One more card for today, this time from South America. ..and I could tick a country off my 'missing countries and territories' list with this one! :) I found out last year that you can get a written and stamped postcard from Guyana from PostcardLocker, how was I supposed to resist?! :P I've been toying with the idea of ordering some postcards from that site for use on Postcrossing, maybe later?
Guyana, officially the Co-operative Republic of Guyana, previously the colony of British Guiana, is a sovereign state on the northern coast of South America that is culturally part of the Anglophone Caribbean. Guyana was a former colony of the Dutch and (for over 200 years) of the British. It is the only state of the Commonwealth of Nations on mainland South America, and the only one on that continent where English is an official language. It is also a member of the Caribbean Community (CARICOM), which has its secretariat headquarters in Guyana's capital, Georgetown. Guyana achieved independence from the United Kingdom on 26 May 1966, and became a republic on 23 February 1970.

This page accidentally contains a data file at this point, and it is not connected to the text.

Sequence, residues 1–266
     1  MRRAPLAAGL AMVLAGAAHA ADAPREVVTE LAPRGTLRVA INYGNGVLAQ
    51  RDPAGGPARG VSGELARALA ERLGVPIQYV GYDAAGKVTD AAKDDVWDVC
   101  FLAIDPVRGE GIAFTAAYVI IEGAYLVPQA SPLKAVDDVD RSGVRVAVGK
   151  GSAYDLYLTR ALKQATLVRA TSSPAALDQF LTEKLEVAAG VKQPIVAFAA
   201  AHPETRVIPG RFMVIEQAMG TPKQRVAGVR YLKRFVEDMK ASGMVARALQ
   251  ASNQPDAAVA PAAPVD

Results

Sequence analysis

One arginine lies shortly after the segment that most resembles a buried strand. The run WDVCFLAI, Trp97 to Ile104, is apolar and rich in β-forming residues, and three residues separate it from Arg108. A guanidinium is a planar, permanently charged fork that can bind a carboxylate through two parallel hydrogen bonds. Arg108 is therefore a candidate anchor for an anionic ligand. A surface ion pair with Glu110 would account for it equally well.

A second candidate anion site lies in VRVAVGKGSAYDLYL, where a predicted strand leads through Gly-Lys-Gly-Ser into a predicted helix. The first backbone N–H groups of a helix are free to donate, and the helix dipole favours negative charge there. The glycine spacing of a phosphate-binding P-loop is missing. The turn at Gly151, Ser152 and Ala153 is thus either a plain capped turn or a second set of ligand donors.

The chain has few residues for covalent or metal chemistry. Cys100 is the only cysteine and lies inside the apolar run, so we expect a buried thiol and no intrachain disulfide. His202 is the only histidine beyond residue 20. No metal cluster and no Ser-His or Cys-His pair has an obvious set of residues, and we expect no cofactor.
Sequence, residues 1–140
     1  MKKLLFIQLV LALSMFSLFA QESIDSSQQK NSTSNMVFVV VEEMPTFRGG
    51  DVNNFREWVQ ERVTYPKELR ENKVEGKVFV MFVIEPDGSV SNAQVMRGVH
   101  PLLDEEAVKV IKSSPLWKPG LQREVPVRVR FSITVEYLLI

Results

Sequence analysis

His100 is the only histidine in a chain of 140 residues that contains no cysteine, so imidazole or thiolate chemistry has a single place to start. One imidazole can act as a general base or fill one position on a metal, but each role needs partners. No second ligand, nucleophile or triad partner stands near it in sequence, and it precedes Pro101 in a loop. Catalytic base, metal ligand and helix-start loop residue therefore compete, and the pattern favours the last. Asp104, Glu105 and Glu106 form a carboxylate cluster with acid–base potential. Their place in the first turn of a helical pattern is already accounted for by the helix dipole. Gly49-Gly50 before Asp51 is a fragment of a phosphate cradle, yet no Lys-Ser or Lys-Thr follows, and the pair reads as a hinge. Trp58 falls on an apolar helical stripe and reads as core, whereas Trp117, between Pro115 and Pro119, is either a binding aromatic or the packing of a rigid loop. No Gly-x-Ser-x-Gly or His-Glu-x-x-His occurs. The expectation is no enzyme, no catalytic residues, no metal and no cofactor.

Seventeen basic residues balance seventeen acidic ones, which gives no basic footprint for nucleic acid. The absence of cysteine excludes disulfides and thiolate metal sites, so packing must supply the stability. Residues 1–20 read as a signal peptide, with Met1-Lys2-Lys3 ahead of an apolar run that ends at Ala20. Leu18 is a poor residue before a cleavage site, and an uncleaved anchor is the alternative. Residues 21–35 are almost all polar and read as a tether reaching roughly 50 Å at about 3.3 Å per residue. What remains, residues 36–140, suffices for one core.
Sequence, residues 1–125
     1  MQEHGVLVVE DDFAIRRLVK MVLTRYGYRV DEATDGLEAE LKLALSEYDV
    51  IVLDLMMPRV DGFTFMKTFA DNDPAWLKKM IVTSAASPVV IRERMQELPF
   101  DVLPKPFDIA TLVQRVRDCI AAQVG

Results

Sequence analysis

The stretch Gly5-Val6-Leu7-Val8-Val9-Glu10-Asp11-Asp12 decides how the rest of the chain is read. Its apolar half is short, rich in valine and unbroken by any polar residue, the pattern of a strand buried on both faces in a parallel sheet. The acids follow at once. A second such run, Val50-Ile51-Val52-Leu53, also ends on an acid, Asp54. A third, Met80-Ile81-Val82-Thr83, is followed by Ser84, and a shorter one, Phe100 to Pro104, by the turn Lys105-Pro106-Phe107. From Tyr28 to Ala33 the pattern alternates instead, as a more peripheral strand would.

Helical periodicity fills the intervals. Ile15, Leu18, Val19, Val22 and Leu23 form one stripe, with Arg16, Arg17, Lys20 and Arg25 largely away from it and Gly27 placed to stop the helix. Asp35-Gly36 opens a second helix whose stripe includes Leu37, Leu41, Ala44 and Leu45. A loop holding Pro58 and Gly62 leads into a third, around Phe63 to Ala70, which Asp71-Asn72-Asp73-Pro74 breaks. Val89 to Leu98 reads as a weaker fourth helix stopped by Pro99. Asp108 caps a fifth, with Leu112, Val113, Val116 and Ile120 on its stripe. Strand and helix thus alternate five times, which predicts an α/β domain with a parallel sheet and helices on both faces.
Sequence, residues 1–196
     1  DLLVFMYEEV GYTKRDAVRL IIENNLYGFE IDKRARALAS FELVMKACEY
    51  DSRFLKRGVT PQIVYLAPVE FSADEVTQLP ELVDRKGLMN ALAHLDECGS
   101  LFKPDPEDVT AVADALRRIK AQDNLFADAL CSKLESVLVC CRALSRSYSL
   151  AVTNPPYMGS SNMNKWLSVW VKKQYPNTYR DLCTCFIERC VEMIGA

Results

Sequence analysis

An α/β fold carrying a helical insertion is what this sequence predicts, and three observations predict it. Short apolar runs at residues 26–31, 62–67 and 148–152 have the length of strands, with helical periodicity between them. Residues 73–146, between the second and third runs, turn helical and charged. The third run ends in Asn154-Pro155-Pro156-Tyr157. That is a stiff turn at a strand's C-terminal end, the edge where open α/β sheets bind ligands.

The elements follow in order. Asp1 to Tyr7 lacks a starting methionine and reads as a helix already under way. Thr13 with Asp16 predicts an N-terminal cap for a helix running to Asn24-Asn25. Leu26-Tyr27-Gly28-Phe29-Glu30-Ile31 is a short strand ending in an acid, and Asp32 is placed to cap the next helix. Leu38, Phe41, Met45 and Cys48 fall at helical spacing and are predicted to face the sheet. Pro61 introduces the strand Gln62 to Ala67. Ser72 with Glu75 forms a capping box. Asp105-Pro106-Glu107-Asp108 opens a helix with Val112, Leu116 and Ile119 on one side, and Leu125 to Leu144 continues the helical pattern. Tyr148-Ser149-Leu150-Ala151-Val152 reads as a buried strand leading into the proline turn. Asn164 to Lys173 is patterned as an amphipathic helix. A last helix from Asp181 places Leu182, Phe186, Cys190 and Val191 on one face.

Historically, the region known as "Guiana" or "Guayana" comprised the large shield landmass north of the Amazon River and east of the Orinoco River known as the "Land of many waters". Historical Guyana is made up of three Dutch colonies: Essequibo, Demerara, and Berbice. Modern Guyana is bordered to the east by Suriname, to the south and southwest by Brazil, to the west by Venezuela, and on the north by the Atlantic Ocean.
At 215,000 km2, Guyana is the third-smallest independent state on the mainland of South America (after Uruguay and Suriname). Its population is approximately 770,000.
St. George's Anglican Cathedral in Georgetown, Guyana is one of the tallest wooden churches in the world, at a height of 43.5 metres. It was designed by Sir Arthur Blomfield and opened on 24 August 1892. The building was completed in 1899. It is located on Church Street in Georgetown, and has been designated a National Monument. St. George's Cathedral is characterised mainly by Gothic arches, clustered columns and flying buttresses.